Do-It-Yourself (DIY) projects are so tempting, especially when we are stuck at home. There are plenty of projects that are great to take on by yourself, such as, refinishing an old dresser, switching out hardware on doorknobs and drawer pulls, or repainting any room. These are easy and do-able home improvement tasks for most people. However, if you take on too much in a DIY project, you may have to spend more time and money fixing your own mistakes. Keep reading to learn some rules to live by and follow.
The Weekend Rule
Before you start, consider the length of the project. How long is it really going to take you to do it all by yourself? If it is going to take more than a weekend, you may want to reconsider. Complicated projects, taking more than a couple of days over a weekend to complete, are often left unfinished. People go back to work, and the project loses its luster and starts collecting dust. You may end up having to hire a professional to come in and finish. Chances are they will find mistakes, costing you more money and stress in the end. Lengthy projects may be better left to the professionals.
Tiling and Flooring
Laying tile or any other type of flooring is another project that often has many hidden issues, requiring more skill and training than the average person and should be left to the experts. From the patterning of the tiles to grout work, you really need to know what you are doing. Grout can dry quickly, leaving sharp, jagged edges. You definitely do not want to step on unfinished grout with a possible unexpected visit to the emergency room. No matter what size the project, tile always needs to be cut to fit properly. This requires skill and special tools you likely do not own. An article in Architectural Digest recommends sticking to backsplash if you have the urge to tinker with tile but hire a professional to put in flooring.
Sledgehammers and Walls
Stop right now! If your project involves knocking out a wall with a sledgehammer, you need to seriously check yourself! Matt Barth, General Contractor and owner of Barth Construction in Vero Beach, Florida states, “Some walls are bearing walls, and you can severely damage the structure of your home even making it unsafe and possibly unlivable. You should always consult a General Contractor before trying to change the floor plan of your home.” This one should go without saying!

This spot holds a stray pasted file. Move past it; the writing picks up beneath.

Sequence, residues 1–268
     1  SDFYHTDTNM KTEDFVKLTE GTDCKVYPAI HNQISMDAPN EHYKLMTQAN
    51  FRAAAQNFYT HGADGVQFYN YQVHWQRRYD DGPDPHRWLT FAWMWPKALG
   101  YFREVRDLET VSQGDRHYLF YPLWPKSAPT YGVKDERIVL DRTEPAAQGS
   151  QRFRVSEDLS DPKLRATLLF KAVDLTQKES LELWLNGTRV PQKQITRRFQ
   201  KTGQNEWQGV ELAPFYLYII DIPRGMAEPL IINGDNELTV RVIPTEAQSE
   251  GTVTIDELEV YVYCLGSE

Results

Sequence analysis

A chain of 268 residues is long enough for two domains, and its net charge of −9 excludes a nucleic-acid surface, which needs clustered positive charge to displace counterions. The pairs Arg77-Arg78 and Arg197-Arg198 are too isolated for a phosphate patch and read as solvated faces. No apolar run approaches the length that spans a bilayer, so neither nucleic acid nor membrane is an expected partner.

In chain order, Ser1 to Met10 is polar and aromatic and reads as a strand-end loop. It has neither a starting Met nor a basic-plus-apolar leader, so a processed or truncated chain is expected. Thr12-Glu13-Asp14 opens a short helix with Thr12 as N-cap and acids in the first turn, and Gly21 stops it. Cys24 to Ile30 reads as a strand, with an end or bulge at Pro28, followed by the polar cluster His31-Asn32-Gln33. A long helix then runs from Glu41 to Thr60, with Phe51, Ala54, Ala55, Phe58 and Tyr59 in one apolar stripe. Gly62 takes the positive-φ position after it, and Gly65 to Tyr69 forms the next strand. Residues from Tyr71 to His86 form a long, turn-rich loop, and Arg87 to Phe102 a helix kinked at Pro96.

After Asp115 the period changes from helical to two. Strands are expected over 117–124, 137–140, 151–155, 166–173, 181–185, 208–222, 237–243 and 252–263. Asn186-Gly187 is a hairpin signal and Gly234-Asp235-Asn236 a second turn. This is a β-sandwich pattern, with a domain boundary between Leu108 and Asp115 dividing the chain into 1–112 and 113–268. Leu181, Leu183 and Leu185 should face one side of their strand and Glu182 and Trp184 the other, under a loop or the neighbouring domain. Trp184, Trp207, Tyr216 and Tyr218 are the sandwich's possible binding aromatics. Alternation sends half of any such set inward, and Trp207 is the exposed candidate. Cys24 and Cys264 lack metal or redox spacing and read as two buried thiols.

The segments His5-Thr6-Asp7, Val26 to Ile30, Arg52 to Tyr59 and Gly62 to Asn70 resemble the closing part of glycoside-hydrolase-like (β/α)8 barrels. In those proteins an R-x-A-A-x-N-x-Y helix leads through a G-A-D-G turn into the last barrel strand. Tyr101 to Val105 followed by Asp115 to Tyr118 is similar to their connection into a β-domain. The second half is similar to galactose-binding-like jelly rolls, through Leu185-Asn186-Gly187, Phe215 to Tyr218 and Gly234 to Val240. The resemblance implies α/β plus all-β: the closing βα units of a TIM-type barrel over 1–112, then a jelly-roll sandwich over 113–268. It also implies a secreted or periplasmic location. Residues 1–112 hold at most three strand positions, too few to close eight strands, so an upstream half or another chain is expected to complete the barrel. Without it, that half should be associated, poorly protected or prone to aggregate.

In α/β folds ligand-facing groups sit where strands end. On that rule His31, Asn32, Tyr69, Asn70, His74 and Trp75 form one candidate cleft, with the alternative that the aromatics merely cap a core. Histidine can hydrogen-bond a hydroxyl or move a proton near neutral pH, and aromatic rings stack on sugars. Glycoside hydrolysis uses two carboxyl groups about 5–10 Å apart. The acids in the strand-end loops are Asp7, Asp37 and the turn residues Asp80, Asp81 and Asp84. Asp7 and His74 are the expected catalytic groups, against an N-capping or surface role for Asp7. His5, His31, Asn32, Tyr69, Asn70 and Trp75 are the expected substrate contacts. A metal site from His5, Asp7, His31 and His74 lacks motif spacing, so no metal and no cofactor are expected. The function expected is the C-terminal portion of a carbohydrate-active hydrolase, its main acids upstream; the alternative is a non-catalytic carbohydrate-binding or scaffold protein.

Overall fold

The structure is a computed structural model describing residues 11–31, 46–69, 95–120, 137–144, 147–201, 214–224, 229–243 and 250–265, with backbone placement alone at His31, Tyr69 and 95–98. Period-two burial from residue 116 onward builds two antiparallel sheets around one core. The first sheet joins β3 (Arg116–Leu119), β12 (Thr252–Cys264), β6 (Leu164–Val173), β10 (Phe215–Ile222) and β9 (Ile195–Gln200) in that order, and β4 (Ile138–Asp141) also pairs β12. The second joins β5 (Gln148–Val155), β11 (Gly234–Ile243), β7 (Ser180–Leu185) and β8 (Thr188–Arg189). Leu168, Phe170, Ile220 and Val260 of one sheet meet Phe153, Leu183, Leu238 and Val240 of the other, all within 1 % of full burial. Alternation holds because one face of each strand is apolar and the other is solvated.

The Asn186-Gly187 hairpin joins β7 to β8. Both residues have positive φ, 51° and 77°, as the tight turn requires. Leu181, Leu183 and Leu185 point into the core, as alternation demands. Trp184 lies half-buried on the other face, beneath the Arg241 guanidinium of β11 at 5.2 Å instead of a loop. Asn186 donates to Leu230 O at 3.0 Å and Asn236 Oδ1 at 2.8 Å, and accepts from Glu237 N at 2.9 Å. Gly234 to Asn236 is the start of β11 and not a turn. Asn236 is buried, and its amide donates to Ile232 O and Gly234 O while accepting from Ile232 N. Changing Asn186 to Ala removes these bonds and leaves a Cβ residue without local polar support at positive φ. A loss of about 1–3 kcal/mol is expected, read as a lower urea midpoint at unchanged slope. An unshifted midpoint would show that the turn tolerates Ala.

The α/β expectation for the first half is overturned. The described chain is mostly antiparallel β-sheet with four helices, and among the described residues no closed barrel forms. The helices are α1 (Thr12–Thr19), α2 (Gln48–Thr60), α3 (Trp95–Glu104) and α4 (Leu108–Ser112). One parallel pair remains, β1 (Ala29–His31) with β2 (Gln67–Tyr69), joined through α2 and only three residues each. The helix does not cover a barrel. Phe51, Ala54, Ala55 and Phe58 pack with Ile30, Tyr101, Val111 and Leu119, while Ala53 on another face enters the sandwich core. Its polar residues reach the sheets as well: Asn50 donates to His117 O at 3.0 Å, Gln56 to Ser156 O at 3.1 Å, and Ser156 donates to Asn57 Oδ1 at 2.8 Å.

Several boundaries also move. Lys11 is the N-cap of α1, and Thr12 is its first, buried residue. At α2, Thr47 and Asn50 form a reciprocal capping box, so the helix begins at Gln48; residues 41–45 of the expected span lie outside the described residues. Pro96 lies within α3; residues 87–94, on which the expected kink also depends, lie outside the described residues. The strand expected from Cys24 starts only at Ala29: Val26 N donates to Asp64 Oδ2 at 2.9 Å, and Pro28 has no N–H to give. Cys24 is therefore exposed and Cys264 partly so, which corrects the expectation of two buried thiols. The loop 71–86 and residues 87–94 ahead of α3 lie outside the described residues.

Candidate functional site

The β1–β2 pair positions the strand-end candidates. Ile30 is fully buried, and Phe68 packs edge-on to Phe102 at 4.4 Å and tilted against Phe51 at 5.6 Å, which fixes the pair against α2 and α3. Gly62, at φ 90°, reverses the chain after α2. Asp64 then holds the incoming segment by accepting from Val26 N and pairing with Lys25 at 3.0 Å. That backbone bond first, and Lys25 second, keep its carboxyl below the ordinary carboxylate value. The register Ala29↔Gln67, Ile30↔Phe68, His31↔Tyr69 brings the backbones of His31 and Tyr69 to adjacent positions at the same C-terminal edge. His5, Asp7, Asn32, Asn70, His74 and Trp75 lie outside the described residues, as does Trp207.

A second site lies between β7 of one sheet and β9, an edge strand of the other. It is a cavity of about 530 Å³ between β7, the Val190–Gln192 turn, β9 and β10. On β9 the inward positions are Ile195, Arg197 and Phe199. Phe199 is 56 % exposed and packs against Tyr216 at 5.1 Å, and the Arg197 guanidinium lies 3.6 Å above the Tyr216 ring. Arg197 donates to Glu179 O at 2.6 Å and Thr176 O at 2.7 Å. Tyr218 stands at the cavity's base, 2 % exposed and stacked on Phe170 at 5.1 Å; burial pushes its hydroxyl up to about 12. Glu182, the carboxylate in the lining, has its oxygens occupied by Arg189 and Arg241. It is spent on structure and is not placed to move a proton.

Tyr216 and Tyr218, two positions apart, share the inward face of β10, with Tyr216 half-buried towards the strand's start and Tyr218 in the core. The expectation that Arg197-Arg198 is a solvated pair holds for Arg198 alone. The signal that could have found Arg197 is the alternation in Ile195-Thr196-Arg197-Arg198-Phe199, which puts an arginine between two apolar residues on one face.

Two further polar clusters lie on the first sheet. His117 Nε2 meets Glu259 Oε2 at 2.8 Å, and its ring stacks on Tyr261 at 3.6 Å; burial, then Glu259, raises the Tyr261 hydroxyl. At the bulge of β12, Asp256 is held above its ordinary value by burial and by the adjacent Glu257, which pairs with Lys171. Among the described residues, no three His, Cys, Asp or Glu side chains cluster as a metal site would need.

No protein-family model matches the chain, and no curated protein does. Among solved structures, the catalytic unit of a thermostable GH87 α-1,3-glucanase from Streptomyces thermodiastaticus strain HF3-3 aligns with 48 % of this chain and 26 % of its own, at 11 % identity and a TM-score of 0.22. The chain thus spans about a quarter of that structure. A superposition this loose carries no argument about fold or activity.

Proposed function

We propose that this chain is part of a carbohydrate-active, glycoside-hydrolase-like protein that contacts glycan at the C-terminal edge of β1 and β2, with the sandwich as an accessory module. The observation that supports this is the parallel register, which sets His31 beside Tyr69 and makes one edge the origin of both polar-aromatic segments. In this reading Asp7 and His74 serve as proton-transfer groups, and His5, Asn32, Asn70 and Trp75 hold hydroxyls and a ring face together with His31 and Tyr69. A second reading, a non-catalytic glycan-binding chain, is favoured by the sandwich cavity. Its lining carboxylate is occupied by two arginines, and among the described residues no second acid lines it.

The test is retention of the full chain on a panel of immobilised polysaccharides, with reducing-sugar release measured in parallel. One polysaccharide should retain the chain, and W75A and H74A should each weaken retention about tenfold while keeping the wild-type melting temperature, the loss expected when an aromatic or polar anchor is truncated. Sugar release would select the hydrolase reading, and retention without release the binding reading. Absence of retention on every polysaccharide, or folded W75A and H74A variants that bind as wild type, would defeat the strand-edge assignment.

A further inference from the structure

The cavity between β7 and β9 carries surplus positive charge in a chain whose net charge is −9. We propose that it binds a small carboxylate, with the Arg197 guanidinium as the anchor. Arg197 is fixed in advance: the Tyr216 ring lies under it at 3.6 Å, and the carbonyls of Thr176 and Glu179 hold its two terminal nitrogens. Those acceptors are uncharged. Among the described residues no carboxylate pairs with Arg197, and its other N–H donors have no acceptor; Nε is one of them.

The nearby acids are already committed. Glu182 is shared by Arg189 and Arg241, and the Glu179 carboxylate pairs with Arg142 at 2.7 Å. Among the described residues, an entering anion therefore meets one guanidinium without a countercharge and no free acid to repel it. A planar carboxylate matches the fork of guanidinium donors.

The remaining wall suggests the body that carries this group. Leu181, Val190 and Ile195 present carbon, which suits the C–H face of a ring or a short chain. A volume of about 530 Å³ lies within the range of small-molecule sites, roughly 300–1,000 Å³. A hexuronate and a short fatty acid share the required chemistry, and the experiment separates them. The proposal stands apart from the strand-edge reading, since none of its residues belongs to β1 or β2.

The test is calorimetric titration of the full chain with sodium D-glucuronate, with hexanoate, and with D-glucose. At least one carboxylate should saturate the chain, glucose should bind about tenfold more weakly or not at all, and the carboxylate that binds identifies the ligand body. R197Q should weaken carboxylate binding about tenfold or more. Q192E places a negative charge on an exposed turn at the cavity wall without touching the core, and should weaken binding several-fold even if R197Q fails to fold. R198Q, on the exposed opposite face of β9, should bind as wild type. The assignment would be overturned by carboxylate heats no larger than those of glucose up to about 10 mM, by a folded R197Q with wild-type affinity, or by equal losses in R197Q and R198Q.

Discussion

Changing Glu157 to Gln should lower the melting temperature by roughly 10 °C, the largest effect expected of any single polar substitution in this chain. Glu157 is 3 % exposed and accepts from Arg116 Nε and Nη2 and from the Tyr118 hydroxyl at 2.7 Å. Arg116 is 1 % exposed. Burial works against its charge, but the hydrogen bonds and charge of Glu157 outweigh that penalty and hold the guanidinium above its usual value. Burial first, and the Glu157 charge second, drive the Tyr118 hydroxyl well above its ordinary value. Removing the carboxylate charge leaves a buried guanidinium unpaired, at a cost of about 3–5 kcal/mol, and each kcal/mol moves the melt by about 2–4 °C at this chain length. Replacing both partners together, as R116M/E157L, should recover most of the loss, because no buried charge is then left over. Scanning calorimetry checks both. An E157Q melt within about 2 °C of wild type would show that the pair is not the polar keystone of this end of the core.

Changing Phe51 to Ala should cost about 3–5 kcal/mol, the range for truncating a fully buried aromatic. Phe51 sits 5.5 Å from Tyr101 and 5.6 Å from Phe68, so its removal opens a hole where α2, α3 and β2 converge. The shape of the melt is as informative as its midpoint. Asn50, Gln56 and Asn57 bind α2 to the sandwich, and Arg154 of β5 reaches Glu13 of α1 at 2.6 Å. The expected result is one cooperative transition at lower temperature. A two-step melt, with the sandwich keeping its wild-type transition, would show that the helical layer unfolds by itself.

Projects Requiring Specialty Tools
If the project requires specialty tools, such as a reciprocating saw, for example, you would be better off hiring a sub-contractor to do the work for you. Those tools are expensive and not worth the money for a one-time use. The Spruce, a home improvement website, points out the reciprocating saw is heavy and can get out of control quickly, leading to error and injury. Specialty tools require skill, knowledge, and training to use. Yes, anyone can buy them at Home Depot, but that does not mean just anyone should.
When it comes to DIY projects, the simpler the better if you are not a professional in that field. Follow these basic rules, so a fun, simple DIY project does not end up costing you double…or a finger!
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